Industrial Cathedral

Industrial Cathedral
"Industrial Cathedral" charcoal drawing on paper 131 x 131 cm Jane Bennett. This drawing was a finalist in the 1998 Dobell Prize for Drawing (Art Gallery of N.S.W.) ; Finalist in 1998 Blake Prize for Religious Art ; Winner of 1998 Hunter's Hill Open Art Prize

Friday, February 10, 2012

Both sides of the street - My new exhibition "St Vincent's -In the Art of Darlinghurst"

Hanging my exhibition St Vincent's -In the Art of Darlinghurst
Enquiries about these paintings:
janecooperbennett@gmail.com

exhibition of plein air oil paintings of Sydney by industrial artist Jane Bennett
Hanging my exhibition St Vincent's -In the Art of Darlinghurst
Enquiries about these paintings:
janecooperbennett@gmail.com

exhibition of plein air oil paintings of Sydney by industrial artist Jane Bennett
Hanging my exhibition St Vincent's -In the Art of Darlinghurst
Enquiries about these paintings:
janecooperbennett@gmail.com
exhibition of plein air oil paintings of Sydney by industrial artist Jane Bennett
Hanging my exhibition St Vincent's -In the Art of Darlinghurst
Enquiries about these paintings:
janecooperbennett@gmail.com


exhibition of plein air oil paintings of Sydney by industrial artist Jane Bennett
Hanging my exhibition St Vincent's -In the Art of Darlinghurst
Enquiries about these paintings:
janecooperbennett@gmail.com


exhibition of plein air oil paintings of Sydney by industrial artist Jane Bennett
Hanging my exhibition St Vincent's -In the Art of Darlinghurst
Enquiries about these paintings:
janecooperbennett@gmail.com

exhibition of plein air oil paintings of Sydney by industrial artist Jane Bennett
Hanging my exhibition St Vincent's -In the Art of Darlinghurst
Enquiries about these paintings:
janecooperbennett@gmail.com
In this exhibition I have hung 16 paintings of Victoria Street.
As the Xavier Art Space is a long corridor, I decided to add another 16 or so paintings of other inner city streetscapes.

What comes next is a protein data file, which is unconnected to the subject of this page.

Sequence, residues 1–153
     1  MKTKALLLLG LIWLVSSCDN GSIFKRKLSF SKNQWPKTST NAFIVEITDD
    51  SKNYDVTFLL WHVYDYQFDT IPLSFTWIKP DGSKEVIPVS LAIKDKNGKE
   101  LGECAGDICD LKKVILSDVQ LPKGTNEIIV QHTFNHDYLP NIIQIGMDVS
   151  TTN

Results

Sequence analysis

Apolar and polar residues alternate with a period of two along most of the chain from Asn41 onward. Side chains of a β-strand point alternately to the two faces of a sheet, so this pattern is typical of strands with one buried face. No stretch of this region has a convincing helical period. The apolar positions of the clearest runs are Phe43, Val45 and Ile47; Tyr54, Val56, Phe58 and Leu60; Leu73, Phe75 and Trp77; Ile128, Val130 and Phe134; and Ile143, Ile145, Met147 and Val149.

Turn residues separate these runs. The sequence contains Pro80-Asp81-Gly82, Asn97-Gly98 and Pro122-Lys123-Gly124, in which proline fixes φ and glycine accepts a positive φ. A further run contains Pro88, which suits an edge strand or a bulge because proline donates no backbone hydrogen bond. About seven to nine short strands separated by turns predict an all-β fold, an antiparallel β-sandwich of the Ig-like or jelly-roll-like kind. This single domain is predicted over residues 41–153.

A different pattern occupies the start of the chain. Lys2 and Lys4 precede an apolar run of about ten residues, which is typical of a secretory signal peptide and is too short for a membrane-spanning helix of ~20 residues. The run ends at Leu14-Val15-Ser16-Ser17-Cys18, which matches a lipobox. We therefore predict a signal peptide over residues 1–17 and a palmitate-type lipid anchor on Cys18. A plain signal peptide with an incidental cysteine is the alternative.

Most of these other paintings whether of Pyrmont, White Bay, Surry Hills, Darlinghurst or Waterloo seem to be of pubs or former pubs. Derelict pubs like the Terminus, recently closed pubs like the Hopetoun, pubs that were burnt down in the dead of night under mysterious circumstances like the White Bay Hotel, or pubs that had a narrow escape from these fates and are enjoying a precarious Renaissance like the Iron Duke. There are also 2 paintings of the half-demolished Carleton United Brewery.
A minor irony was that Dr Robert Graham, who had kindly agreed to open my exhibition, was the head of Drug and Alcohol Treatment. Another minor irony is that I am (and have always been) a teetotaller.

exhibition of plein air oil paintings of Sydney by industrial artist Jane Bennett
Hanging my exhibition St Vincent's -In the Art of Darlinghurst
Enquiries about these paintings:
janecooperbennett@gmail.com

exhibition of plein air oil paintings of Sydney by industrial artist Jane Bennett
Hanging my exhibition St Vincent's -In the Art of Darlinghurst
Enquiries about these paintings:
janecooperbennett@gmail.com

exhibition of plein air oil paintings of Sydney by industrial artist Jane Bennett
Hanging my exhibition St Vincent's -In the Art of Darlinghurst
Enquiries about these paintings:
janecooperbennett@gmail.com


exhibition of plein air oil paintings of Sydney by industrial artist Jane Bennett
Hanging my exhibition St Vincent's -In the Art of Darlinghurst
Enquiries about these paintings:
janecooperbennett@gmail.com

All of the paintings in this exhibition were painted "en plein air". Most of the art of other plein air painters concentrates on the natural environment and seems to be painted in a field or a wood. I prefer to paint inner city urban landscapes and all my art that hasn't been painted on a wharf, a ship or a demolition site, is painted by the side of the road.